The transparent life
A little while ago Wired magazine reported on Hasan Elahi, a Bangladeshi-American suspected of being a terrorist. He devised an apparently ingenious method of keeping himself “out of Guantanamo”: he would embark on a project of almost complete self surveillance using digital technology. He takes hundreds of photos of himself every day and sends them to his website so that if the FBI want to find out what he’s doing they only have to look there. Like a human sonar, he constantly sends out “pings” to locate himself, a method reminiscent of Twitter. The article discusses his rationale:
“I’ve discovered that the best way to protect your privacy is to give it away,” he says, grinning as he sips his venti Black Eye. Elahi relishes upending the received wisdom about surveillance. The government monitors your movements, but it gets things wrong. You can monitor yourself much more accurately. Plus, no ambitious agent is going to score a big intelligence triumph by snooping into your movements when there’s a Web page broadcasting the Big Mac you ate four minutes ago in Boise, Idaho. “It’s economics,” he says. “I flood the market.”
Although Elahi seems pretty cheerful about this I wonder if his strategy is a novel method of pre-empting the surveillance of the state, or a model for self-servitude? In some ways it seems to be a very literal application of Foucault’s theory of self-subjectification, except instead of internalising surveillance and control Elahi “externalises” it by making it available the authorities as an ongoing alibi. He has also perfected the surveillance by outdoing the authorities, suggesting that it’s not the presence of the state’s control that is the problem, rather its lacks and lacunae.
To me, Elahi’s approach to his “problem” suggests he is in a state of being always-already guilty. Rather than assuming he is innocent, his energy must go into a constant struggle against that state. The onus is on him to prove that he is not guilty of something rather than on the state to prove that he is. It’s Kafka-esque in a way. Like the protagonist of The Trial he is guilty of a crime but doesn’t know what it is. His life then becomes devoted to proving that he innocent, which is of course can never be achieved.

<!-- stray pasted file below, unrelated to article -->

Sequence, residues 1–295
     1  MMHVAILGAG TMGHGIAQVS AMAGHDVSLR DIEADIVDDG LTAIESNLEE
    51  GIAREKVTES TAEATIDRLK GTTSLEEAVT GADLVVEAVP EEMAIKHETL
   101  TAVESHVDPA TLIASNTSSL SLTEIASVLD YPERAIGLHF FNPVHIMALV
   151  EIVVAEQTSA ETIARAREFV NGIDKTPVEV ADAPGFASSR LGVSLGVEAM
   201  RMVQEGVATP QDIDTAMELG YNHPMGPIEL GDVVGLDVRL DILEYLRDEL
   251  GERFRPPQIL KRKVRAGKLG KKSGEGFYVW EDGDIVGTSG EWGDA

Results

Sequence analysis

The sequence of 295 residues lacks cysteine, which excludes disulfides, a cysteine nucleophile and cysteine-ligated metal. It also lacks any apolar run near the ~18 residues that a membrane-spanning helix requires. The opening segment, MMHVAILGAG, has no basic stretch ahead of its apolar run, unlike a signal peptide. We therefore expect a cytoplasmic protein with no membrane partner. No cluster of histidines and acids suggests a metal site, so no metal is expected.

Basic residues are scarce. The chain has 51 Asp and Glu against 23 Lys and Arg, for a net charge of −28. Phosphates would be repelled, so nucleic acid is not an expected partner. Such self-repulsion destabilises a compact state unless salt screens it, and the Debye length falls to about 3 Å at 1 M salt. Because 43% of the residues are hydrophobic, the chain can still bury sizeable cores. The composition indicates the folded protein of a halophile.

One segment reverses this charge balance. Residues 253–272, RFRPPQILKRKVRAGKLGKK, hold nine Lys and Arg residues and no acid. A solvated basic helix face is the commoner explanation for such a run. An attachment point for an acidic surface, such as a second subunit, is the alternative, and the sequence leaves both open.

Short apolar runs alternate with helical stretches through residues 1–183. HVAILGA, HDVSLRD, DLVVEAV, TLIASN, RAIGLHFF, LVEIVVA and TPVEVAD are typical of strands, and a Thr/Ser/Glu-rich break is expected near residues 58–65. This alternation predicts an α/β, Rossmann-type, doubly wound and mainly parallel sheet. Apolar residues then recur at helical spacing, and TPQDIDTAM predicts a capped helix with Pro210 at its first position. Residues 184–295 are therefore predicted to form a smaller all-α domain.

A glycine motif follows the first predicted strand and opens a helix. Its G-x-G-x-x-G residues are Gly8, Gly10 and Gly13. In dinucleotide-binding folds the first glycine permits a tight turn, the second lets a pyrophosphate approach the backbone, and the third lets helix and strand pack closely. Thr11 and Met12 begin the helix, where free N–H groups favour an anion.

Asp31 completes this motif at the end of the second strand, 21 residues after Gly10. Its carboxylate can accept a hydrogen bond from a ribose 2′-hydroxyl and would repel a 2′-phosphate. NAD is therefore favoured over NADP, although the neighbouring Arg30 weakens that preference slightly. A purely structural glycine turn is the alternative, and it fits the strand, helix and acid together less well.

Anyway, this is a thought-provoking application of ubiquitous computing, or ubicomp, in a post-911 world. It raises the question of whether, as we become ever more connected, the onus will increasingly fall on us to prove our “innocence” in various ways just because we can. I see an echo in a more trivial domain: the reduced tolerance for ambiguity that comes from possessing a mobile phone. Now that it is a technical possibility I find we tend to check up more on each other. For example, if I am slightly late for a meeting with friends I will inevitably get a call asking where I am. Likewise, I’m held to account for not letting my friends know I’m going to be late. It is also a common experience to find that the mobile, Blackberry or whatever blurs the lines between work and leisure, so that the freedome the phone provides means that we are even more thoroughly chained to the demands of the job. In each of these cases the domain of plausible deniability has shrunk and therefore we are forced to self-surveil and contantly “prove our innocence”.
Of course this is not just a product of technology. Even if we are all guilty some people are more guilty than others. An example is Muslim men in the contemporary USA, or Australia for that matter, as the case of Mohamed Haneef more than amply demonstrates.